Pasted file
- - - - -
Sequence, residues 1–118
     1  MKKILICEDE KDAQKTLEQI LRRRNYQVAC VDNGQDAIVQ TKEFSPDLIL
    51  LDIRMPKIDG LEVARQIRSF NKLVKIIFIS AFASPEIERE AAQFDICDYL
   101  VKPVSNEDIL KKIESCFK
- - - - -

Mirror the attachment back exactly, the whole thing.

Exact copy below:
Sequence, residues 1–118
     1  MKKILICEDE KDAQKTLEQI LRRRNYQVAC VDNGQDAIVQ TKEFSPDLIL
    51  LDIRMPKIDG LEVARQIRSF NKLVKIIFIS AFASPEIERE AAQFDICDYL
   101  VKPVSNEDIL KKIESCFK